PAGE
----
News Release

Developing a nonflammable electrolyte to prevent thermal runaway in lithium-ion batteries. Nonfluorinated, nonflammable electrolytes present a viable route to achieving thermally stable high-performance batteries.

- Tailoring the molecular structure of organic carbonates in commercial electrolytes reduces the fire hazard of batteries.

Peer-Reviewed Publication

National Research Council of Science & Technology

Figure 1

image: Molecular design strategy for high-flashpoint electrolyte and comparison of room temperature ignition property view more 

Credit: Korea Institute of Science and Technology

The Korea Institute of Science and Technology(KIST, President Seok-Jin Yoon) announced that a collaborative research team led by Dr. Minah Lee of the Energy Storage Research Center, Professor Dong-Hwa Seo of the Korea Advanced Institute of Science and Technology(KAIST), and Drs. Yong-Jin Kim and Jayeon Baek of the Korea Institute of Industrial Technology(KITECH) has developed a nonflammable electrolyte that does not catch fire at room temperature by tailoring the molecular structure of linear organic carbonate to prevent fire and thermal runaway in lithium-ion batteries.

As the use of medium and large-scale lithium-ion batteries in electric vehicles and energy storage systems(ESS) expands, concerns about fires and explosions are growing. Fires in batteries occur when batteries are short-circuited due to external impacts, abuse or aging, and the thermal runaway phenomenon accompanied by a serial exothermic reactions makes it difficult to extinguish the fire and poses a high risk of personal injury. In particular, the linear organic carbonate used in commercial electrolytes for lithium-ion batteries has a low flash point and easily catches fire even at room temperature, which is a direct cause of ignition.

Until now, in order to reduce the flammability of the electrolyte, Intensive fluorination in the solvent molecules or highly concentrated salts has been widely adopted. As a result, the lithium-ion transport in the electrolyte was reduced or those were incompatible with commercial electrodes, limiting their commercialization.

By simultaneously applying alkyl chain extension and alkoxy substitution to the diethyl carbonate(DEC) molecule, a typical linear organic carbonate used in commercial lithium-ion battery electrolytes, the researchers developed a new electrolyte, bis(2-methoxyethyl) carbonate(BMEC), with enhanced flash point and ionic conductivity by increasing intermolecular interactions and the solvation ability. The BMEC solution has a flash point of 121°C, which is 90°C higher than that of the conventional DEC solution, and thus is not ignitable in the temperature range for conventional battery operation. BMEC can dissociate lithium salt stronger than its simple alkylated counterpart, dibutyl carbonate(DBC), solving the problem of slower lithium ion transport when reducing flammability by increasing intermolecular interaction. As a result, it retains more than 92% of the original rate capability of the conventional electrolyte while significantly reducing the fire hazards.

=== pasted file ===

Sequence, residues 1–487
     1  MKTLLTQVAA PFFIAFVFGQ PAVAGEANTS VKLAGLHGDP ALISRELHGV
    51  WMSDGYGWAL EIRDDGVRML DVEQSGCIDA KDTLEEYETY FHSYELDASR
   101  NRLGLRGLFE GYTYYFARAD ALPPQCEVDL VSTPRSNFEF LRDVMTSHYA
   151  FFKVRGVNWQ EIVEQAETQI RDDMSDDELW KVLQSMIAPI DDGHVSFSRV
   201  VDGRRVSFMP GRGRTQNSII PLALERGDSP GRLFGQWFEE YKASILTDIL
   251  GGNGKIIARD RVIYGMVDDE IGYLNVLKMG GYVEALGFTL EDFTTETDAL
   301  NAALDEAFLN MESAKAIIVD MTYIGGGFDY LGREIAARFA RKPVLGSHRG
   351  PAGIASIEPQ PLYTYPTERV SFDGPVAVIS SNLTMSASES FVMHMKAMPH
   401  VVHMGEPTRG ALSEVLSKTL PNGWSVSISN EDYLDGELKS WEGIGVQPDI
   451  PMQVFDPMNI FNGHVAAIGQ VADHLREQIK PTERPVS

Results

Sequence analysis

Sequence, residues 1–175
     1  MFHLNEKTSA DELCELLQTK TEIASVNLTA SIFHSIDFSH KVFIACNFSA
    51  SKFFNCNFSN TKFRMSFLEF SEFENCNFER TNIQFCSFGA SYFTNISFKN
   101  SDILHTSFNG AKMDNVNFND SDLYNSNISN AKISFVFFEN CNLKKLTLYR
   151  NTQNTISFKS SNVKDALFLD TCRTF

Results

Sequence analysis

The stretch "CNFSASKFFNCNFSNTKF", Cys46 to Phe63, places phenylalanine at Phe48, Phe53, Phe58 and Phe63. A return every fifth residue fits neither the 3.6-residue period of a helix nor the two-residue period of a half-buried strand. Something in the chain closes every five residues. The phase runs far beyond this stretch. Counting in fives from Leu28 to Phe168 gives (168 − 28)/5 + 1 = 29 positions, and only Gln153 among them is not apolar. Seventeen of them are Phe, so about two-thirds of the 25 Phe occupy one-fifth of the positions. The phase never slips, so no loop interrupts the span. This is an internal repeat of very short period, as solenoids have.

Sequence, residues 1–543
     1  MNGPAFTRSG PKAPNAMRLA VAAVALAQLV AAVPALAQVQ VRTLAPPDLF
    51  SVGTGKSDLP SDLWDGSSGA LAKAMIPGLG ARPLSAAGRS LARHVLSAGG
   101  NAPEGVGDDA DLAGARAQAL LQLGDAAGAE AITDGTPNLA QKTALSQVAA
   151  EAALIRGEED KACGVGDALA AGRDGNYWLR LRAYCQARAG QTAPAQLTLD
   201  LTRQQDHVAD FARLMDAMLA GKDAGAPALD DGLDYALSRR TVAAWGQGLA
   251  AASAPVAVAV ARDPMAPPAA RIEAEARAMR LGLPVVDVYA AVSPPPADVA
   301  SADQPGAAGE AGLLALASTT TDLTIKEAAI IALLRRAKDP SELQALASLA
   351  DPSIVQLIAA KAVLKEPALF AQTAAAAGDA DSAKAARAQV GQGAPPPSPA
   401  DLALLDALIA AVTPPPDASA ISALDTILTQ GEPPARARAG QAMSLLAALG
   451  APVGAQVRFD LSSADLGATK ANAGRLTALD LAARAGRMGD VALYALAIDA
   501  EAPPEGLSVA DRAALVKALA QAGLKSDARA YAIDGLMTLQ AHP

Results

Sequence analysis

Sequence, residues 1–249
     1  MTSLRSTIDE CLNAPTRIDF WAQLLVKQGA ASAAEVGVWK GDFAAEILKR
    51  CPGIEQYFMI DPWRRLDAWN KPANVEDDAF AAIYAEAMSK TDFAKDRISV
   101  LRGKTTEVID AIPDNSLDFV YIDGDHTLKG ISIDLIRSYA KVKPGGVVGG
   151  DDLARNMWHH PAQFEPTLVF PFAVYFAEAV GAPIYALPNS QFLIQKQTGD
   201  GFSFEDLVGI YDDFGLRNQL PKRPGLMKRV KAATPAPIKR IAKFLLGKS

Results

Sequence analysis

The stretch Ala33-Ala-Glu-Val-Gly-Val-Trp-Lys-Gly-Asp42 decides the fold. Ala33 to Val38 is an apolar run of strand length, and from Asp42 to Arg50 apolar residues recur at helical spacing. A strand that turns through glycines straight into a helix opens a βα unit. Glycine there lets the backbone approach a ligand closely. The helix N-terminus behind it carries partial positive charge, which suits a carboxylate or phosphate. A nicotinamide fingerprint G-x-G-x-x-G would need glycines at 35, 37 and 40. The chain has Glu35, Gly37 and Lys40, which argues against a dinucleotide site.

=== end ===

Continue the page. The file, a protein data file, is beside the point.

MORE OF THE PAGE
In addition, the new electrolyte alleviated 37% of combustible gas evolution and 62% of heat generation than those of the conventional electrolyte. The research team demonstrated the stable operation of 1Ah lithium-ion batteries over 500 cycles by combining the new electrolyte with a high nickel cathode and a graphite anode. They also conducted a nail-penetration test on a 70% charged 4Ah-level Li-ion battery and confirmed the suppressed thermal runaway.

Dr. Minah Lee of the KIST stated, "The results of this research provide a new direction for designing nonflammable electrolytes, which has been inevitably sacrificed the electrochemical property or economic feasibility." "The developed nonflammable electrolyte has cost competitiveness and excellent compatibility with high-energy density electrode materials, so it is expected to be applied to the conventional battery manufacturing infrastructure. Ultimately, it will accelerate the emergence of high-performance batteries with excellent thermal stability."

Dr. Jayeon Baek of KITECH stated, "The BMEC solution developed in this research can be synthesized by transesterification using low-cost catalysts and easily scaled up. In the future, we will develop the synthesis method using C1 gas (CO or CO2) to enhance its eco-friendliness further."



KIST was established in 1966 as the first government-funded research institute in Korea. KIST now strives to solve national and social challenges and secure growth engines through leading and innovative research. For more information, please visit KIST’s website at

This research was supported by the the National Research Council of Science & Technology and the Mid-Career Research Progam of the National Research Foundation of Korea grant by the Korea government Ministry of Science and ICT(Minister Jong-Ho Lee). The research result was published in the latest issue of Energy & Environmental Science (IF 32.5, JCR top 0.4%), an international journal in the field of energy and environmental science.

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